One of the most anticipated films of the year around the LaineyGossip internet office is Emerald Fennell’s Promising Young Woman starring Carey Mulligan. This movie looks GREAT, and it got very interesting reviews out of Sundance. It was slated for a spring release, but then came COVID and it was, along with everything else, pulled from the schedule. Now, Promising Young Woman is back on the 2020 calendar with a Christmas day release date. You know what? A female revenge fantasy is the perfect mood for the 2020 holidays. 


Promising Young Woman will be only in theaters, though, and as someone who 1) isn’t willing to go to a theater right now (or a restaurant, bar, etc), and 2) only has a Regal cinema nearby, which is closed for the foreseeable future, I guess my wait for Promising Young Woman continues. Hopefully, distributor Focus Features won’t make us wait 90 days to see this movie. The current state of affairs in the industry are theaters yelling at movie studios for not “taking a hit” to support them—which the studios can’t afford to do, but whatever—and studios trying whatever they can to make some money during the pandemic, though that has not yet involved wholesale releasing films on streaming/on demand. You could say the studios are supporting theaters by holding most of their slates for eventual theatrical release next year or later.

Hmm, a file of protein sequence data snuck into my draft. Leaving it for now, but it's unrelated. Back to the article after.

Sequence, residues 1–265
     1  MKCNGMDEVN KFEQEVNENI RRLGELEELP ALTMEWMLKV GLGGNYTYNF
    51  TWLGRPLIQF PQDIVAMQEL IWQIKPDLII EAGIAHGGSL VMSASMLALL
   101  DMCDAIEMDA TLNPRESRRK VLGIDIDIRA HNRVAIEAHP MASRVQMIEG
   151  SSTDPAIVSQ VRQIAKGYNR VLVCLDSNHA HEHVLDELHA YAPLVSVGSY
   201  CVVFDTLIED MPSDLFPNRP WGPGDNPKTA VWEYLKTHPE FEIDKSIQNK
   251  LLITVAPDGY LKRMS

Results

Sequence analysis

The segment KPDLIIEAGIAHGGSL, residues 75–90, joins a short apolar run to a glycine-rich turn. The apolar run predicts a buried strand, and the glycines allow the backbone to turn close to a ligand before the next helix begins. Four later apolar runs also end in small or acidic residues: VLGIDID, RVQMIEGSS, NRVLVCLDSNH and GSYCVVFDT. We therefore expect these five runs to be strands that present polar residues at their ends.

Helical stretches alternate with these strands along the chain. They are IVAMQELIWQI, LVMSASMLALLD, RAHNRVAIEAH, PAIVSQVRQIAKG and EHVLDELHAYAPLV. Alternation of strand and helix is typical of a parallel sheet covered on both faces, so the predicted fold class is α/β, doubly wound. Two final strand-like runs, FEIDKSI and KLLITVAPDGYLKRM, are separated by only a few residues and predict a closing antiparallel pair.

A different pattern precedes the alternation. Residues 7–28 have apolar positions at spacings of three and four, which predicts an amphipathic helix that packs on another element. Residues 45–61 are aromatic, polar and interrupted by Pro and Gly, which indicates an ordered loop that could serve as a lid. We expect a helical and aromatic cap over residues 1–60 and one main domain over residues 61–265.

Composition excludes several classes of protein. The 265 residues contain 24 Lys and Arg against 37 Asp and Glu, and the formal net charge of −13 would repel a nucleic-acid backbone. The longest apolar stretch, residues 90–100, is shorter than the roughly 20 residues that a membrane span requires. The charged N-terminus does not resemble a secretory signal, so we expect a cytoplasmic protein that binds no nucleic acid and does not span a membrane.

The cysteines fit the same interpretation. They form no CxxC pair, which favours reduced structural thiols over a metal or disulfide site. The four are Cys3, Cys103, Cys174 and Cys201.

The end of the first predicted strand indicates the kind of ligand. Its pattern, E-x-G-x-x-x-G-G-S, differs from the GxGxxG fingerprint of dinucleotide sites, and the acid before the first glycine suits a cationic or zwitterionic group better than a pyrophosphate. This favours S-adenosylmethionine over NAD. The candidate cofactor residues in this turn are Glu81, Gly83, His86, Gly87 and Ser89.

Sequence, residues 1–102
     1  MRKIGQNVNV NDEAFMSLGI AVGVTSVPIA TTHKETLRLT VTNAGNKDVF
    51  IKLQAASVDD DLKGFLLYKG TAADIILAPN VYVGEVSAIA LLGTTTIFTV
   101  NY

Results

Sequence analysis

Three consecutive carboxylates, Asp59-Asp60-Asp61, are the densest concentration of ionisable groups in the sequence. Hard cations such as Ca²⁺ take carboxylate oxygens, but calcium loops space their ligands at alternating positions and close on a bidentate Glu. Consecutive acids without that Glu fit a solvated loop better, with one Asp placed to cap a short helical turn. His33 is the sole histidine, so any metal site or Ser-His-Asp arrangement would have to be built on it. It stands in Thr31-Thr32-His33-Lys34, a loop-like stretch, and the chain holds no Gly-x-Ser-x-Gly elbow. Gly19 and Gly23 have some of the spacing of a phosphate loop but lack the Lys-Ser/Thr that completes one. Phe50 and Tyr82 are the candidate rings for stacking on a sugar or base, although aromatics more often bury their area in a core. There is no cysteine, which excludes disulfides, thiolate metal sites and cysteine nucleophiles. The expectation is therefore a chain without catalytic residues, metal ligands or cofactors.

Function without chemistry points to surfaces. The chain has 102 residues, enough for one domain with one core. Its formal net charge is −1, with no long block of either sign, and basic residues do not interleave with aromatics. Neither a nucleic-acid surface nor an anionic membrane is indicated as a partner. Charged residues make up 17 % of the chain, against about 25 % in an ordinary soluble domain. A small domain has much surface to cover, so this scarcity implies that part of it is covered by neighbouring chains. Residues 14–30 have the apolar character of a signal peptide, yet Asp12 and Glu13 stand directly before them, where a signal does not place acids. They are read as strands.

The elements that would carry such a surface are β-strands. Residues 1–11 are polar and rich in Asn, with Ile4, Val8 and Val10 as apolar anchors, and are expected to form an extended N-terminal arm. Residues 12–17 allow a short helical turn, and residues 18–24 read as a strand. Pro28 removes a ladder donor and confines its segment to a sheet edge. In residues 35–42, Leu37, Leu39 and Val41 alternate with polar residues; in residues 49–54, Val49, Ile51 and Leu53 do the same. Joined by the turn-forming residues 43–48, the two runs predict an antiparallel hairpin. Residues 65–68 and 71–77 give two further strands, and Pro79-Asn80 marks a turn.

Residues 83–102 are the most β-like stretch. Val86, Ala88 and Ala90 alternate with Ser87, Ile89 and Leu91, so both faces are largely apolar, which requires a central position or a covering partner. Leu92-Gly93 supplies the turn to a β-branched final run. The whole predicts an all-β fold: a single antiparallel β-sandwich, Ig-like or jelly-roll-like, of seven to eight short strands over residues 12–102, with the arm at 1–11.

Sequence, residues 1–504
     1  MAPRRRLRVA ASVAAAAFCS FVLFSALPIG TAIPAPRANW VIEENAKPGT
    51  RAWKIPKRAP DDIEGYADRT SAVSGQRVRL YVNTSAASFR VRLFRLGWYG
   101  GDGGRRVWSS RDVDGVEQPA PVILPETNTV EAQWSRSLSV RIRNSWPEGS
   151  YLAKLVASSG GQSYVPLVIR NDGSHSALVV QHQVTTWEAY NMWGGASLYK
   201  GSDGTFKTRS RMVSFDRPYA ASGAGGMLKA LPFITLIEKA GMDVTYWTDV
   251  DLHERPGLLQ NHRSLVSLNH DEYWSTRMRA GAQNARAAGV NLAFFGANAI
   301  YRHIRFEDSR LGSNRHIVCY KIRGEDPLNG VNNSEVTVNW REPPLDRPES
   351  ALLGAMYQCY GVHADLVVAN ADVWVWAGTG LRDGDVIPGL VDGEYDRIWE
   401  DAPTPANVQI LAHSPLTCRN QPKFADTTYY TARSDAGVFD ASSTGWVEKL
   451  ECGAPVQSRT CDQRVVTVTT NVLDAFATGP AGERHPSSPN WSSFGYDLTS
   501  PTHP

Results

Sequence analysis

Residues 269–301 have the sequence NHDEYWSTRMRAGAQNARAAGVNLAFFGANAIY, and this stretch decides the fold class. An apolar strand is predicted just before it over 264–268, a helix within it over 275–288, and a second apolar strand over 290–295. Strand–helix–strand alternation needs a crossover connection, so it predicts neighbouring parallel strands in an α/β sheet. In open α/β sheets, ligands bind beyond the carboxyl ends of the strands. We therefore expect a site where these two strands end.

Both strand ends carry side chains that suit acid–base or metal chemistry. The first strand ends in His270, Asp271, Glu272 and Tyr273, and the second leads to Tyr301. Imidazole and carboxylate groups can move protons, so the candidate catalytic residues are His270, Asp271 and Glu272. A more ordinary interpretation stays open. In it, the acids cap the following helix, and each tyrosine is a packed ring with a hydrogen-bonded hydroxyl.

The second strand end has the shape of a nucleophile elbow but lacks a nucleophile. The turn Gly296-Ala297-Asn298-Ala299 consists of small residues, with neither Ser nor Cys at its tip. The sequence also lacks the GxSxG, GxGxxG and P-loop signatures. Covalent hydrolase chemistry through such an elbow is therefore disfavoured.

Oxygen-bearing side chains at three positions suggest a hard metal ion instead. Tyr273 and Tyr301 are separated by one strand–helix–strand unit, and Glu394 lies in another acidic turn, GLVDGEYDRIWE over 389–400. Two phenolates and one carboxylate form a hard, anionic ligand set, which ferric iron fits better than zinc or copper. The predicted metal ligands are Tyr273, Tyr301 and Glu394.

Caught in the middle is the audience, who just wants to watch some new damn movies. At least in America, statistics indicate the people most interested in watching movies are also the people most interested in personal COVID safety, and so here we sit, at an impasse. I really, REALLY want to see Promising Young Woman. The new trailer is AMAZING. But “Only in theaters” is starting to feel like a punishment for actually trying to do my part to contain the spread of coronavirus. I understand the situation, and I sympathize with the thousands of employees, many of whom are hourly wageworkers, whose jobs are on the line. But the answer is obviously government support and continued payroll protection, not “only in theaters”. Until that materializes, though, no one is really going to get what they want. I can only hope Promising Young Woman hits on demand not terribly long after theaters. I feel like this is a movie we’re going to want to discuss, together, and the current state of things means everyone will be watching it at different times, which will hamper that discussion.